Vote World is a central website which archives, maintains, and distributes datasets of roll-call voting from legislative bodies throughout the international community.
The nucleus of the website contains data for the United States House of Representative and Senate (assembled by Keith Poole of Houston and Howard Rosenthal of Princeton), from the European Parliament (assembled by Simon Hix of LSE, Abdul Noury of ULB and Gerard Roland from UC Berkeley), and from the United Nations (assembled by Erik Voeten).

Vote World is a project of iGov, with the support of the EU Center of excellence of UC Berkeley.

Researchers from all over the world are able to access this unique website to download data and also to upload their datasets and their papers. Active projects include data on the United Nations General Assembly assembled by Erik Voeten of George Washington University, the Czech and Polish Parliaments assembled by Noury and Roland, and the Latin American Parliaments assembled by John Carey and his collaborators.

The main challenge is to create some "open source" software standards to allow other datasets projects from other legislatures to be available in VoteWorld. Without such standards, maintenance of such a project would be cumbersome. Keith Poole is currently doing a great service to the research community by maintaining his website for the US Congress but given the growth of research, it has become necessary to develop a common platform allowing researchers to upload easily their databases on roll call data. Such a database would make an enormous contribution to the development of scientific knowledge relating to a wide variety of fields in the social sciences. A benchmark for software is found in the VoteView program, developed with NSF support at Princeton and available as downloadable free shareware at either a Howard Rosenthal, one of the designers of VoteView, has become a Visiting Scholar at Berkeley. He is actively participating in the development of the software and the Berkeley website. A partial list of research output of this community, either using Nominate or VoteView is available on this website.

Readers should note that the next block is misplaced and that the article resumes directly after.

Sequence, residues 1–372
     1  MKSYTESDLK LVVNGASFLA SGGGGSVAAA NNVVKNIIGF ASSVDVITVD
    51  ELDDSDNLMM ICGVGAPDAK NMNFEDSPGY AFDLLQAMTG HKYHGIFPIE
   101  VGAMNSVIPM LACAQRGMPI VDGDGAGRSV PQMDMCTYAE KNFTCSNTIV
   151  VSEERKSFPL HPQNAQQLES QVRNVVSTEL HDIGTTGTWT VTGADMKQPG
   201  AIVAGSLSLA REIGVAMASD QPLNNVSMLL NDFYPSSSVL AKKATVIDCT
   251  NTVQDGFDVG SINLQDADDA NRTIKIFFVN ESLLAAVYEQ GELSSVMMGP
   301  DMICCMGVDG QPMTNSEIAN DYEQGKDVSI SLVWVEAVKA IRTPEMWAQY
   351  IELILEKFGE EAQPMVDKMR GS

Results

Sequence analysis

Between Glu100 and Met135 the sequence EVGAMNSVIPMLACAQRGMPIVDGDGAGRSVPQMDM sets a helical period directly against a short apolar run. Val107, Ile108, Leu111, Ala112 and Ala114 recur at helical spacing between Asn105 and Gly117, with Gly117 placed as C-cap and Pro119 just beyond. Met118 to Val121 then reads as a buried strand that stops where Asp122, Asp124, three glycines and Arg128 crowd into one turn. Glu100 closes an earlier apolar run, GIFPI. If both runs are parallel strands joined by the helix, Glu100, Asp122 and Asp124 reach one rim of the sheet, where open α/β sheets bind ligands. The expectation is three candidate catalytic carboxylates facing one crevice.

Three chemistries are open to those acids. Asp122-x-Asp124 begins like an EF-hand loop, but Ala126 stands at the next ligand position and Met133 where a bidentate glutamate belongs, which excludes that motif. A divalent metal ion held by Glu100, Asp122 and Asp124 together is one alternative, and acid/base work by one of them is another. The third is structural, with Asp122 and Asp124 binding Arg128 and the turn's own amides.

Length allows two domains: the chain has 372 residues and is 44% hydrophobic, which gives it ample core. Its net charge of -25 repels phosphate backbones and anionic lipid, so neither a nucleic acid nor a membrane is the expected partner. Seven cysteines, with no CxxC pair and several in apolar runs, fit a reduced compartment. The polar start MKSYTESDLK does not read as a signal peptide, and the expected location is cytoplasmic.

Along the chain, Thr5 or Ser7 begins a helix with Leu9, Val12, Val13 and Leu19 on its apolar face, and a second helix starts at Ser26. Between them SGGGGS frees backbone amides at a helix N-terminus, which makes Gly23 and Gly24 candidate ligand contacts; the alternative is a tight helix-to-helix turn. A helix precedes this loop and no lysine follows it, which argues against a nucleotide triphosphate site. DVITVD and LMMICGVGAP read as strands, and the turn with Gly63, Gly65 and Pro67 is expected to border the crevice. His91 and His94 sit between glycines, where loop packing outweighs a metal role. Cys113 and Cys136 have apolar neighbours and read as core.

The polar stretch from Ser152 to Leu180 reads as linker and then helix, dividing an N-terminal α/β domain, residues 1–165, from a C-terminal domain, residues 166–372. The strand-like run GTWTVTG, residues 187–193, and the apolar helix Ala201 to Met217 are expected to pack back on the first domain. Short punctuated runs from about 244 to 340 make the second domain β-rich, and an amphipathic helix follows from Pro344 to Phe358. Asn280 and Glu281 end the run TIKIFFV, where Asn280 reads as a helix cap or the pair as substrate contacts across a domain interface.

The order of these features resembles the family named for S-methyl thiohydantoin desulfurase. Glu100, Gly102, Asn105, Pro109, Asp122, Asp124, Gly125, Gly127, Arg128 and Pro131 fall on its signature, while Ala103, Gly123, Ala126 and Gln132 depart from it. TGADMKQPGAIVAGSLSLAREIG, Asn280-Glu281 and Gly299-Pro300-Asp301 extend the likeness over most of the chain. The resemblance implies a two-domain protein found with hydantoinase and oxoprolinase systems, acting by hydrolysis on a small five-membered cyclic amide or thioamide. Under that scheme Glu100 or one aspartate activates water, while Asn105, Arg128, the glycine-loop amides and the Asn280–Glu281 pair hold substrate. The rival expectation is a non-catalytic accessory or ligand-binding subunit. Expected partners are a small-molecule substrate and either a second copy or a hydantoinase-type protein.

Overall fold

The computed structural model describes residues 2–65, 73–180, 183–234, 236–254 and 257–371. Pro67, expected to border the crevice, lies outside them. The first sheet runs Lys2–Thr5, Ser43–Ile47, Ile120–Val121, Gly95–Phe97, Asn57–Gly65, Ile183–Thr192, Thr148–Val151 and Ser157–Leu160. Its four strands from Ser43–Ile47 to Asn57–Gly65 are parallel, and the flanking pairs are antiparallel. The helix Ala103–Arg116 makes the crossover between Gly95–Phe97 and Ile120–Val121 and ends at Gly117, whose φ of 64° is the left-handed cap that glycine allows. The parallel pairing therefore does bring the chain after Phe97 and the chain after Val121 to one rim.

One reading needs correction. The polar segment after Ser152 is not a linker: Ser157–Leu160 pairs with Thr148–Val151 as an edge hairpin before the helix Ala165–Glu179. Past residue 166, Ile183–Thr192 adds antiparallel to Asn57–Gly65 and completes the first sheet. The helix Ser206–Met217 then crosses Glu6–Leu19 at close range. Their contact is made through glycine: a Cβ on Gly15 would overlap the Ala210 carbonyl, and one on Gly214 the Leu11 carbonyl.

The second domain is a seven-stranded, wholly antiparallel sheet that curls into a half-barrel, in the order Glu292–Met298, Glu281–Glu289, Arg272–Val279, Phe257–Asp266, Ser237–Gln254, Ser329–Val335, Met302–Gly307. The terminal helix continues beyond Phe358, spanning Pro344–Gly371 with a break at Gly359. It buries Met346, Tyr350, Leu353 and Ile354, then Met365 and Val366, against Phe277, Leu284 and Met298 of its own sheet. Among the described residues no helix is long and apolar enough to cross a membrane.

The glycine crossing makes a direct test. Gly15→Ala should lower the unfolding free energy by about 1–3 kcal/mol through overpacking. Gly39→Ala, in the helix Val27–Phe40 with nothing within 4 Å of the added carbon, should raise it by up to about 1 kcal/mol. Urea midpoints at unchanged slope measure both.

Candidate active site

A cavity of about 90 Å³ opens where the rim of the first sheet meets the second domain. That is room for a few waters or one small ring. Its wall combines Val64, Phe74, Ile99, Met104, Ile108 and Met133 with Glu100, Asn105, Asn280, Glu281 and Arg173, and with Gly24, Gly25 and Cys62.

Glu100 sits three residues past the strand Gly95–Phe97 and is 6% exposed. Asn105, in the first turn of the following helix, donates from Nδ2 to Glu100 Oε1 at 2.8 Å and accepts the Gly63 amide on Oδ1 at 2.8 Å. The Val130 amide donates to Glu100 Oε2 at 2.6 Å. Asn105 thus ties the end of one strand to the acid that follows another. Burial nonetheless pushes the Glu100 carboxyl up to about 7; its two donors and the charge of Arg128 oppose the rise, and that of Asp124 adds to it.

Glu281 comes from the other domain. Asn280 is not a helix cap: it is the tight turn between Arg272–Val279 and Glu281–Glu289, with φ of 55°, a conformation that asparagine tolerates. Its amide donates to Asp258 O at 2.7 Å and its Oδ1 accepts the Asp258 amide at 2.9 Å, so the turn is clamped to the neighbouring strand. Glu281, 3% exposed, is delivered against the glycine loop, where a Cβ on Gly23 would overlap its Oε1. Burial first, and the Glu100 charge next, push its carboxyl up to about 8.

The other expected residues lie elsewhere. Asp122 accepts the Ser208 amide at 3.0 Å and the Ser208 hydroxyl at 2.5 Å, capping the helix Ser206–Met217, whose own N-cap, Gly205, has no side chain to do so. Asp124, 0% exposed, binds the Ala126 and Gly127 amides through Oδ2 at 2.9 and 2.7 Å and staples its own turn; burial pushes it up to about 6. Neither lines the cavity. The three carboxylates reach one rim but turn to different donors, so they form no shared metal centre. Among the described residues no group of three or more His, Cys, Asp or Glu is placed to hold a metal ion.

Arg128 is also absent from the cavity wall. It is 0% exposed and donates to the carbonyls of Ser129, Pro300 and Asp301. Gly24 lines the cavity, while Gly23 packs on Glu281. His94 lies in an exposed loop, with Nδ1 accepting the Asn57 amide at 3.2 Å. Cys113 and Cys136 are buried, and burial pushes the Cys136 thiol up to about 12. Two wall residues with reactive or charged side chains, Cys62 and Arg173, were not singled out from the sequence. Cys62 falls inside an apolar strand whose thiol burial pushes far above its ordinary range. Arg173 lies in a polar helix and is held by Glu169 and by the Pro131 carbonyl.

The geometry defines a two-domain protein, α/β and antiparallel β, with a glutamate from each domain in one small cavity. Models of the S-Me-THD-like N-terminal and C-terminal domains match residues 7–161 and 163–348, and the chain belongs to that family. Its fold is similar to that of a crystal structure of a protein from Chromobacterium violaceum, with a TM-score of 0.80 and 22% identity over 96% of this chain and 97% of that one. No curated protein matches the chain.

A more ambitious mission has been to improve the VoteWorld interface to where it could be used actively by undergraduates at small colleges and by high school students. This was the basis behind "VoteWorld Online" and the "Animations". (The first version of VoteView is currently used in introductory American politics courses including those taught by Nolan McCarty at Princeton and Cheryl Schonhardt-Bailey at the London School of Economics).

This website will also serve an important archival purpose. After the development of the Nominate scaling method by Poole and Rosenthal in the 1980s, the assembly of large legislative roll call datasets "took off". These datasets have permanent value to the research community. It is important to find a means of institutionalizing their availability in order that access will transcend the research careers of the scholars who have assembled them. This involves not only keeping the existing datasets on the web but in keeping the datasets current. For example, the United States Congress now spans 1789 through 2000. Keeping it current will, at some point, require institutional support. Comparative data on legislative voting can be widely used not only by political scientists but also by economists, sociologists and historians. It will also allow non-academics - specifically high-school and middle-school students to look at roll call votes the day after (or as soon as they would be posted) they occur. This will have great educational value. In fact, use of VoteView screens is occurring spontaneously. One example is the Deer Park Elementary School in Fairfax County, Virginia.